STARRING: Karra Elejalde, Candela Fernández, Bárbara Goenaga, Nacho Vigalondo

2007, 92 Minutes, Directed by:
Nacho Vigalondo

Description: A man being pursued by a murderer stumbles into a mysterious lab and accidentally travels back in time. A naked girl in the midst of the forest. A cloaked stranger with his face covered in bandages. A disquieting mansion on the top of a hill. All of them pieces of an unpredictable jigsaw puzzle where terror, drama and suspense will lead to an unthinkable sort of crime. Who's the murderer? Who's the victim?

Timecrimes is a rare beast among contemporary sci-fi cinema – a self-contained piece where virtually nothing of the world outside the protagonists’ immediate environment is revealed. The lack of context enhances an already truly odd atmosphere which hangs over the film. There is little point in trying to understand why any of the events of the film happen. I have observed discussions in forums attempting to do just that. Amusingly, these exchanges tend to go round in circles in much the same way as the main man in the film – Héctor (played by Karra Elejalde) does throughout the course of the film. Elejalde’s performance cleverly maintains the delicate balance between the character’s desperation alongside the comedic elements, which verge on slapstick at times.

As for understanding the plot - Why should we expect to know why the events of this film occur when we don’t know why anything, ever, occurred, and unrelentingly continues to do so. Perhaps this is intentional on the writer’s part; an analogy for the biggest question there is. Why does Héctor make a goggle shape with his fingers around his eyes and stare at himself? I don’t know, and nor does he. But he has always done it, and always will. Much like the Tralfamadorians’ experience of life in Slaughterhouse 5, the implication is that everything that will happen has already happened and always will have happened. To question ‘why’ is like a fraction with a denominator of zero – meaningless.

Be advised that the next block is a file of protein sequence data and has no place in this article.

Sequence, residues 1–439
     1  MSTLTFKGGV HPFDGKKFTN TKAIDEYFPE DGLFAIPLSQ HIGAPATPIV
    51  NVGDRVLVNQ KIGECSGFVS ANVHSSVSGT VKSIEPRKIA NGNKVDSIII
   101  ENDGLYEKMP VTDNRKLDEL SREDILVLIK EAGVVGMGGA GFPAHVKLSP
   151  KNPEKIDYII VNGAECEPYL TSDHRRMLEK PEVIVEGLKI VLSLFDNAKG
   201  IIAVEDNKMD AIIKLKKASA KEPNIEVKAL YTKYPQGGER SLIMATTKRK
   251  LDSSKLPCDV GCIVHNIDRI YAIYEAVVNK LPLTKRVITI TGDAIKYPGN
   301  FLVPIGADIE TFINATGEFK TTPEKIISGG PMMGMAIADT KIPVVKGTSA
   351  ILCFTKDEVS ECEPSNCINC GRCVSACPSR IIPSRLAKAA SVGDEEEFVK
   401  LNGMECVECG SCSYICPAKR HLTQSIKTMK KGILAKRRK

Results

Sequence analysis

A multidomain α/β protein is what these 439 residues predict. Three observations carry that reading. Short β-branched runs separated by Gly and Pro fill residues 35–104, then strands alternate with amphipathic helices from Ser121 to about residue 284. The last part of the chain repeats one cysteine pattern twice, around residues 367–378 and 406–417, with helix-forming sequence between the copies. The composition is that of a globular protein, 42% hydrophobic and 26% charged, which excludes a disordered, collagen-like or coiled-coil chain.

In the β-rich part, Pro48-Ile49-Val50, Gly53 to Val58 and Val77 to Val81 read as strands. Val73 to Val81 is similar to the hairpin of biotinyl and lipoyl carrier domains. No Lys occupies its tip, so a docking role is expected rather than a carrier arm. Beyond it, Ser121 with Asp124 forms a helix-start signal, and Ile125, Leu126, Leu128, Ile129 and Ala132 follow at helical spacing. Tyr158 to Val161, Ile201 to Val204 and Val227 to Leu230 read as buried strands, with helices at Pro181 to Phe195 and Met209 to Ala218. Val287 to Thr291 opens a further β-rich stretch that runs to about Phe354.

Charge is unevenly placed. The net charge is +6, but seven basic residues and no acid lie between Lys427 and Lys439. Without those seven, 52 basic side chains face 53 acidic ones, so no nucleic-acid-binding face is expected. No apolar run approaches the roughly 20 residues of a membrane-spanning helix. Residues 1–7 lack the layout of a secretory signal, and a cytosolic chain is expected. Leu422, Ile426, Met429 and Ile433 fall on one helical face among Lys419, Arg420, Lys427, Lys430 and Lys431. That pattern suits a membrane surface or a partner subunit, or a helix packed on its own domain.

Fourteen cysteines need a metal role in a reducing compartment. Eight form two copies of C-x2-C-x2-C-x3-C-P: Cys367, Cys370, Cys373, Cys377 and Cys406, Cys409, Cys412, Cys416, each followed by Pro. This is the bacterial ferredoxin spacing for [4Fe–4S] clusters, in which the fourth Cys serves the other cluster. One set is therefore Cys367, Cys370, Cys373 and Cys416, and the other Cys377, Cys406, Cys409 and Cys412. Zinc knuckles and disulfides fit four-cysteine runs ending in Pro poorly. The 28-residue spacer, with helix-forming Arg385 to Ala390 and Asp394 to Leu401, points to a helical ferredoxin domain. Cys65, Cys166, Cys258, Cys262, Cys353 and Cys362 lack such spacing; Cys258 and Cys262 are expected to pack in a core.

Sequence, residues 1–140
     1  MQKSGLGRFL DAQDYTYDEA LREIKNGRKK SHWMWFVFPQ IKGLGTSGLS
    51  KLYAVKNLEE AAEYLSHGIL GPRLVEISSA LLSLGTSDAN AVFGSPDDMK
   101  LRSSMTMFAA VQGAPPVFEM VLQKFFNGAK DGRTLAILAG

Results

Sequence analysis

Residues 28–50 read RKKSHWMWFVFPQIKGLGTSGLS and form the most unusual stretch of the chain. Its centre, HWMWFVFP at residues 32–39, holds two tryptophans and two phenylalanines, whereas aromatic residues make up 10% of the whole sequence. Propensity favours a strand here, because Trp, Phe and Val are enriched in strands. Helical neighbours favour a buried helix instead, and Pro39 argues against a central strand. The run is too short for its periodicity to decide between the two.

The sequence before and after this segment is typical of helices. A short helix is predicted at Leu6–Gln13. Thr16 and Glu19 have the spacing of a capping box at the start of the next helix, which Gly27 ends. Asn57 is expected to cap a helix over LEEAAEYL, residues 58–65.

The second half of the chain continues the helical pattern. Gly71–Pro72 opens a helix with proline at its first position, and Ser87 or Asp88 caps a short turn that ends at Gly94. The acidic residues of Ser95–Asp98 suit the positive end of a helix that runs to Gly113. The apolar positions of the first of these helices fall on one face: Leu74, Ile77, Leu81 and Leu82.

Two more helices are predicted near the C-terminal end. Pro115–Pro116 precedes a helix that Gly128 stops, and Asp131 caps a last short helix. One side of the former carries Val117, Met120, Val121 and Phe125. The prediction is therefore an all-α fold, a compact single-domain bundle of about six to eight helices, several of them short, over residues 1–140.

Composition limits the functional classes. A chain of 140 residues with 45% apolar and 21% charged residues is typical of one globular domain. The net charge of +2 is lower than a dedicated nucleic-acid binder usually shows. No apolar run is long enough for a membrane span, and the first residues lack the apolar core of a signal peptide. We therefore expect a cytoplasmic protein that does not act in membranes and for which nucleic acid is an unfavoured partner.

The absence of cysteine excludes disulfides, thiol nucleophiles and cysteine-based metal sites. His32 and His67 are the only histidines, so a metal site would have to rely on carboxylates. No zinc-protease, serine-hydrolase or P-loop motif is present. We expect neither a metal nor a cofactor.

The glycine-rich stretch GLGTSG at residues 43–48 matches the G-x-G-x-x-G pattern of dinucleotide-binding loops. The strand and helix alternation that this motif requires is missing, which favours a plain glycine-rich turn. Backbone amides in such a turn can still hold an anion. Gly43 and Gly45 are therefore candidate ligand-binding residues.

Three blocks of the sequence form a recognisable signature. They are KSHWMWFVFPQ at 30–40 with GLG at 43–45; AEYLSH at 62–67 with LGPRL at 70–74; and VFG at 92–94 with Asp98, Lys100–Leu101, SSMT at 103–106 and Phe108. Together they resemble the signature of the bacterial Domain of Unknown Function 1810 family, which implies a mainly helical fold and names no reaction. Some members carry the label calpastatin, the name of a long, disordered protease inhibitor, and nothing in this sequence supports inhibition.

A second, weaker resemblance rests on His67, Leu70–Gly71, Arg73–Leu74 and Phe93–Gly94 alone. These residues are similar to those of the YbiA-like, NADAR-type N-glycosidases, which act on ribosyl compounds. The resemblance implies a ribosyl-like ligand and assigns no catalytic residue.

"There is little point in trying to understand why any of the events of the film happen!"

I don’t necessarily think this was the intention of the writer (though I’d be chuffed if it were!). But that is largely irrelevant. The salient point here is that, as can now be witnessed by all; it made me think. And it did this without having to depict the end of the human race or nasty characters or monsters from hell. In fact, I found the film to be uncommonly relaxing, partly due to the fact that from relatively early on you have a pretty good idea of everything which is going to happen. I am not going to go into the details of why this is the case, though the title of the film is a pretty big clue so I can safely tell you it is somewhat similar to Primer but with less of the darkly claustrophobic atmosphere (and no cheesy montages!). If you want to find out what happens without watching it then plenty of other reviews will be able to assist you.

The flipside of that built in predictability is that there are points in the second half of the film which feel a bit pedestrian in pace. If it were not for the artful camera work and the location, which is simultaneously very normal but also engaging in its incongruity, then it could be that boredom might set in. The story does not really climax – it is more a case a leisurely stroll towards the conclusion. Still, the nature of the story is such that there is little that can be done about that and on balance, the problem is handled well. As a result of this though, it is likely that the story would not be to everyone’s taste.

I gather that there is a Hollywood remake in the works. It will be interesting to see how the challenges detailed in the previous paragraph will be approached as I imagine the studio will be keen to reach out to a mainstream audience. However, I can’t help but feel that the money spent on such ventures would be better spent on funding new features from the talent that created the work that Hollywood has obviously picked up on as being innovative. After all – Timecrimes already exists and always will do. Perhaps it always has.


- Geoff Clayton



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